First sequential constant
    for binding of a single
    Gads at either site
    (Kd1 = 0.5 × Kd3) (nM)
    Second sequential binding
    constant (Kd2) (nM)
    Fold increase in
    site-specific binding
    affinity at second
    binding event due to
    cooperativity (Kd3/Kd2)
    WT SH217788.50.95186.5
    F92D SH24722365.486.7
    SourceSet equal to
    pTyr171 dissociation
    constant from Fig. 2E
    On the basis of an
    assumption of equivalence
    of the two binding sites
    Calculated from mathematical model of competitive
    binding data from Fig. 4C

Supplementary Materials

  • www.sciencesignaling.org/cgi/content/full/10/498/eaal1482/DC1

    Mathematical modeling

    Fig. S1. Molecular weights of the monomeric and dimeric forms of Gads.

    Fig. S2. Thermal stabilities of the monomeric and dimeric forms of MBP-Gads SH2.

    Fig. S3. Model of the SH2 domain dimerization interface.

    Fig. S4. The R109D, R109A, and F92A single mutations are not sufficient to disrupt Gads SH2 dimerization.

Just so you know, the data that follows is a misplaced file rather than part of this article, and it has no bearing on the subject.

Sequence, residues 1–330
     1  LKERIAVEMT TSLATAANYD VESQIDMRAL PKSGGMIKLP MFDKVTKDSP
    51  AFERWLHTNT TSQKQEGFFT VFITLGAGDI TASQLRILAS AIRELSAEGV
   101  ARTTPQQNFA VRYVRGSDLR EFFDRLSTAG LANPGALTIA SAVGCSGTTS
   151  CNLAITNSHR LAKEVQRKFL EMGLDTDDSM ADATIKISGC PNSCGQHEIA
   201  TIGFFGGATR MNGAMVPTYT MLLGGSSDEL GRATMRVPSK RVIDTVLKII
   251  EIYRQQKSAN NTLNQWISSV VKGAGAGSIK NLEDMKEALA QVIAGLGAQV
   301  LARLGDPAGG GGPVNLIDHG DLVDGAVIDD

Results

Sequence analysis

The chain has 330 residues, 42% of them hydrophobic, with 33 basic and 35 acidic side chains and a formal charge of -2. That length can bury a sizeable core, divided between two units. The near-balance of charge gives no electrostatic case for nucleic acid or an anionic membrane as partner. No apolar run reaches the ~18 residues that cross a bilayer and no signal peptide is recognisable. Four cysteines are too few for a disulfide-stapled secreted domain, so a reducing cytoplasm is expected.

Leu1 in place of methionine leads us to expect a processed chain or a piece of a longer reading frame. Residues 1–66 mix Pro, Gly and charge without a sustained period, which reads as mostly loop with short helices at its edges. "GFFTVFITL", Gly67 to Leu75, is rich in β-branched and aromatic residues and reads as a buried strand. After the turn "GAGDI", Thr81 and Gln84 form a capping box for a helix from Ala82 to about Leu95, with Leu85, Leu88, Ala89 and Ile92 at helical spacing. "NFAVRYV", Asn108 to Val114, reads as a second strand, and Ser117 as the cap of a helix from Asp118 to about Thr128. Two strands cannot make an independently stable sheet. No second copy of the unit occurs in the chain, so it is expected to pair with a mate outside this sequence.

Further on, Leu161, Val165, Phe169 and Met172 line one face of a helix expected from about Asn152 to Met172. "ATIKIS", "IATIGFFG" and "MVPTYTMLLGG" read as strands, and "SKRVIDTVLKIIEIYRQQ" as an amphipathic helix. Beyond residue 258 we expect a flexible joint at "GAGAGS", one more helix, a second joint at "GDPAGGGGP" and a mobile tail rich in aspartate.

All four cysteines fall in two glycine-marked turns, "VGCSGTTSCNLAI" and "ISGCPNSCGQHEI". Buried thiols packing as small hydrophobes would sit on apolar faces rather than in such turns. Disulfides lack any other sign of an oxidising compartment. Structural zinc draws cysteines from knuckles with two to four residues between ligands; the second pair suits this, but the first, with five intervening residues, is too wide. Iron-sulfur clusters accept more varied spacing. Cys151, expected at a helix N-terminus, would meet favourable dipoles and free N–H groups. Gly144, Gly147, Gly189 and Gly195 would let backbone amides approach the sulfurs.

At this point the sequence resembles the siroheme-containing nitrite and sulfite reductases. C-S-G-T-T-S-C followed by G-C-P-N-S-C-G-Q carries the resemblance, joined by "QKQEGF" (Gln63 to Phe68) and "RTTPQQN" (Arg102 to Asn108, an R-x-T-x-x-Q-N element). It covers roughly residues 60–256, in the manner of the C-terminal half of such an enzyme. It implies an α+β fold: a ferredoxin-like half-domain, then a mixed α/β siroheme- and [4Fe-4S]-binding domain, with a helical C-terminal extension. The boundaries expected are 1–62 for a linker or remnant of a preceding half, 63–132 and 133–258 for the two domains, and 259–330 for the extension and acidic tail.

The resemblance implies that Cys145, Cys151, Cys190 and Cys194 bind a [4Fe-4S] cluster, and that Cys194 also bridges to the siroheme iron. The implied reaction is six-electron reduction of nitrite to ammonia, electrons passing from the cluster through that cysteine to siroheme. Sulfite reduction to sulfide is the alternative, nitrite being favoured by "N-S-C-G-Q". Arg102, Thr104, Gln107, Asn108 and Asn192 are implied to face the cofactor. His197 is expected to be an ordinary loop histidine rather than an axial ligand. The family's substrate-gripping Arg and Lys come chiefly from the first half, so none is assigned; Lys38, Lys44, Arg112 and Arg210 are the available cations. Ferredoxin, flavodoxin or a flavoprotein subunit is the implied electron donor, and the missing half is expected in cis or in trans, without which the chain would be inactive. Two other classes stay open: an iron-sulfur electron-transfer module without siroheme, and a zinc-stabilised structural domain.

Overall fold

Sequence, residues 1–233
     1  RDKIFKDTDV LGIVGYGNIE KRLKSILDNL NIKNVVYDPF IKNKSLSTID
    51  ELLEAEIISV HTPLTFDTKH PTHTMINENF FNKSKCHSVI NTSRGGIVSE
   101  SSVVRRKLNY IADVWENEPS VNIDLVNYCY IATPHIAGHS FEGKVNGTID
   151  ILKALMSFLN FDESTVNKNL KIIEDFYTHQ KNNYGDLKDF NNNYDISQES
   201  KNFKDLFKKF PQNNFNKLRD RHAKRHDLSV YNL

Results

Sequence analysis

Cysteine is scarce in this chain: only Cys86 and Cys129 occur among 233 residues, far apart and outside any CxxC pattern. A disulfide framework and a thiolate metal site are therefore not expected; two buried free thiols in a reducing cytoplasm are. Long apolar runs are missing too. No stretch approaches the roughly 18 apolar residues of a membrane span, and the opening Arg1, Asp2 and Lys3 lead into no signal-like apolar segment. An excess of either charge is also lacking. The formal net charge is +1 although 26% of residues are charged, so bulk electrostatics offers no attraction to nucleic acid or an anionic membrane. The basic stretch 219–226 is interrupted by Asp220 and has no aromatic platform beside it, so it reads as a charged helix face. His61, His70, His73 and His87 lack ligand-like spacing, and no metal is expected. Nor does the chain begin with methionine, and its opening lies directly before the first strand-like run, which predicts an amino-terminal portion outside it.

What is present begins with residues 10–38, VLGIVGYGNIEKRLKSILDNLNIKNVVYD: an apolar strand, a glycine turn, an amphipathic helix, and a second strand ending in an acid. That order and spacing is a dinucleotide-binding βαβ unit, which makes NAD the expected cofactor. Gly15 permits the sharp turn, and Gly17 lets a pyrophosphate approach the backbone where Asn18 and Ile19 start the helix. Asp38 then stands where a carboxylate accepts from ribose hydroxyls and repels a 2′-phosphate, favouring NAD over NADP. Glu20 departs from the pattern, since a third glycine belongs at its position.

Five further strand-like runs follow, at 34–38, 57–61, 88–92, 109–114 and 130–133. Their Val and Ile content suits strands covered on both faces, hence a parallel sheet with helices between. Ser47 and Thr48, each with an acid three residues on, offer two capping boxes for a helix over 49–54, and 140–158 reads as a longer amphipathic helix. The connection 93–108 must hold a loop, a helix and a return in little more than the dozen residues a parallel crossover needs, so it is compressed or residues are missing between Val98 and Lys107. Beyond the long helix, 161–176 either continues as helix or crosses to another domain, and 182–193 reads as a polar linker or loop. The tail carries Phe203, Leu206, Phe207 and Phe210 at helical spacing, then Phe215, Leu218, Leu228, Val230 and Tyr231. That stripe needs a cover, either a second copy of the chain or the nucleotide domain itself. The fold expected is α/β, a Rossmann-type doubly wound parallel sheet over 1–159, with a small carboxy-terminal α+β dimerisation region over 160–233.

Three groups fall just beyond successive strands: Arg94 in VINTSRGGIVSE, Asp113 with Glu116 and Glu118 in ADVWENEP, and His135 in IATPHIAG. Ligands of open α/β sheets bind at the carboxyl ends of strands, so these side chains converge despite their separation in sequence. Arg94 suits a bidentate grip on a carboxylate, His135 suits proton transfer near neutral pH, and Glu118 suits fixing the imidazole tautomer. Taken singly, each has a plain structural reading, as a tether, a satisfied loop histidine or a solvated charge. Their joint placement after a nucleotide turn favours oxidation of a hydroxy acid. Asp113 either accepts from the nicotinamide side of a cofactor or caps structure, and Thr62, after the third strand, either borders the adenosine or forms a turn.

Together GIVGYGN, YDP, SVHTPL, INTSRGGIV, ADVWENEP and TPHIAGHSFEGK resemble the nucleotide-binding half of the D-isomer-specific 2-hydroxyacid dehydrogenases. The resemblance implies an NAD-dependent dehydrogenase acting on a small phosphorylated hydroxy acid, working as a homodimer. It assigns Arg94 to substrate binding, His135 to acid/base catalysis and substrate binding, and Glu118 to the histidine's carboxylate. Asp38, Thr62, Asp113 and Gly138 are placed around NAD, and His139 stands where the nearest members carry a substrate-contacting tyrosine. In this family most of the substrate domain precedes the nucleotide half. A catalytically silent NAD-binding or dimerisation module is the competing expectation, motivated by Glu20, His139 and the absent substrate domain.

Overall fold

Fig. S5. Thermal stabilities of nondimerizing Gads mutants.

    Fig. S6. Multiple sequence alignment of the C-terminal regions of LAT molecules from 15 mammalian species.

    Fig. S7. Cell surface FcεRI abundance is independent of Gads.

    Fig. S8. FcεRI-induced cell surface expression of the degranulation marker CD107a depends on the Gads dimerization interface.

    Table S1. Summary of the abbreviations used in the mathematical model.

    Table S2. Calculated kinetic constants.

    References (60)

  • Supplementary Materials for:

    Dimerization of the adaptor Gads facilitates antigen receptor signaling by promoting the cooperative binding of Gads to the adaptor LAT

    Sigalit Sukenik, Maria P. Frushicheva, Cecilia Waknin-Lellouche, Enas Hallumi, Talia Ifrach, Rose Shalah, Dvora Beach, Reuven Avidan, Ilana Oz, Evgeny Libman, Ami Aronheim, Oded Lewinson, Deborah Yablonski*